Healthcare workers are handing out condoms to people taking part in the sexual practice of dogging, a primary care trust has admitted.
Derbyshire County Primary Care Trust staff and volunteers visit hotspots across the county on a weekly basis to hand out the contraceptives as part of efforts to cut sexually transmitted infections.
The scheme was criticised by local councillors as "a total waste of taxpayers' money".
But the trust defended the initiative, saying it had been running for years and was duplicated elsewhere.
Dogging involves people visiting secluded places, such as car parks, to have sex with strangers.
Richard Marriott, co-ordinator for Derbyshire County PCT's sexual health promotion service, said: "This outreach work takes place on a weekly basis and is commonly regarded as one of the most effective ways to provide sexual health advice to groups engaging in potentially high risk activities.
"It is a proven and established national methodology to reduce teenage pregnancy rates and the number of people at risk from sexually transmitted infections.
"If the PCT didn't undertake such preventative measures the overall cost to the NHS would be much higher, as the average lifetime cost to the NHS of treating a person diagnosed as HIV positive has been estimated at £150,000."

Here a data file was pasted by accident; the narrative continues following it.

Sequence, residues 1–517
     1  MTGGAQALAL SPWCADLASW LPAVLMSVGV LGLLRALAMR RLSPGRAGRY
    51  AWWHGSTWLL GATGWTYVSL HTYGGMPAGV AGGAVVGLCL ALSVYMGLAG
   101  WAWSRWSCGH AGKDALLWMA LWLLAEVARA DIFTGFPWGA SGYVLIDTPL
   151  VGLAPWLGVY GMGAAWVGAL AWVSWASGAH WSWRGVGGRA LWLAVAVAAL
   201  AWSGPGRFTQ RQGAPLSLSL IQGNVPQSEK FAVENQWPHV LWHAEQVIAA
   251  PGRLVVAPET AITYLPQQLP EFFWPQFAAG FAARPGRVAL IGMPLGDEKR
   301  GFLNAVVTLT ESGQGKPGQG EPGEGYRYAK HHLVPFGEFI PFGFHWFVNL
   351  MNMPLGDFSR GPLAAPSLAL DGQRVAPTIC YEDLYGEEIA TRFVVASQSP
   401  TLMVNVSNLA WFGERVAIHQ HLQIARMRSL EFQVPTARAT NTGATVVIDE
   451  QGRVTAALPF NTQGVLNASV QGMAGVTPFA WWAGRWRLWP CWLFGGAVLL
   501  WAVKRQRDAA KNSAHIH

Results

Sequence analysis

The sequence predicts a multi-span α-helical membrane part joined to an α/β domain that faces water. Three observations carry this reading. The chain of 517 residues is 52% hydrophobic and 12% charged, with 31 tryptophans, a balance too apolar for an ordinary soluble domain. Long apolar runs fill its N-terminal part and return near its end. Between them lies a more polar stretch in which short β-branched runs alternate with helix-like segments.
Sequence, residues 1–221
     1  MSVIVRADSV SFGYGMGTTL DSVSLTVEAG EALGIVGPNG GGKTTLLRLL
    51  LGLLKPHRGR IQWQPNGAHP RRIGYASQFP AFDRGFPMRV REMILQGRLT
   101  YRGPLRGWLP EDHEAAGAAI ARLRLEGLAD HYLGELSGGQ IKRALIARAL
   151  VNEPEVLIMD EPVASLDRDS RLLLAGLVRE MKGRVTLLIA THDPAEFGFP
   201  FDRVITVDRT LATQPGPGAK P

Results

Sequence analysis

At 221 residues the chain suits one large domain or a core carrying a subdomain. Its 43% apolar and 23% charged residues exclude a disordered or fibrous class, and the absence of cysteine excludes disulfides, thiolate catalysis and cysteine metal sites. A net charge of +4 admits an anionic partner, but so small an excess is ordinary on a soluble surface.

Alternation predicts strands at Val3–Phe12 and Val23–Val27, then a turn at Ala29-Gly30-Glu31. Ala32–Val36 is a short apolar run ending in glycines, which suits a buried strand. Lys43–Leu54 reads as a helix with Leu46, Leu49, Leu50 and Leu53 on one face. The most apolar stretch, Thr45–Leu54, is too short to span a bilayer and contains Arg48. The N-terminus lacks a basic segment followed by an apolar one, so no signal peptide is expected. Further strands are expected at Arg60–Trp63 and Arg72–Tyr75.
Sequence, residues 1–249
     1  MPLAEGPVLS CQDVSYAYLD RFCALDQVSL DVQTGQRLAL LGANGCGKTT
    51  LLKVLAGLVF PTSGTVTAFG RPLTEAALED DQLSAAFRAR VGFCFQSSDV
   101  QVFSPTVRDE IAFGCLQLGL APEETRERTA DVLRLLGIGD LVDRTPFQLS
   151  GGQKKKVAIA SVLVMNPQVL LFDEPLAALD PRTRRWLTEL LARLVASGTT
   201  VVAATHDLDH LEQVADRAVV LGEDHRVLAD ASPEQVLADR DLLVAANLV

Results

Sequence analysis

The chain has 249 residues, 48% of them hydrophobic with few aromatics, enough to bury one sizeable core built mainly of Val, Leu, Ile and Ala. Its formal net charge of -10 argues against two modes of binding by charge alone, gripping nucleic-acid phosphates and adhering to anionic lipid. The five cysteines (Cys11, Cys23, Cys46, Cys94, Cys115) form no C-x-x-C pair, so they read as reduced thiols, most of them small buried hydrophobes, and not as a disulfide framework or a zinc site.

"Er, yes. Why can't people simply take responsibility for their own health and wellbeing. They are adults for pity's sake so why do they need state funded services to provide them with a condom? Do the same people need the public servants to come around their houses to turn on the lights or flush their toilets? Grow up and take responsibility for yourselves and then we can focus spending on what really needs to be funded." - Simon, London
"No it isnt, however it is unlikely to cut the figures for teenage pregnacies as the cult for dogging appears to be in the older age groups not the teens. It is still a fantastic intiative to take in reducing STIs." - Sarah Reed, Cornwall
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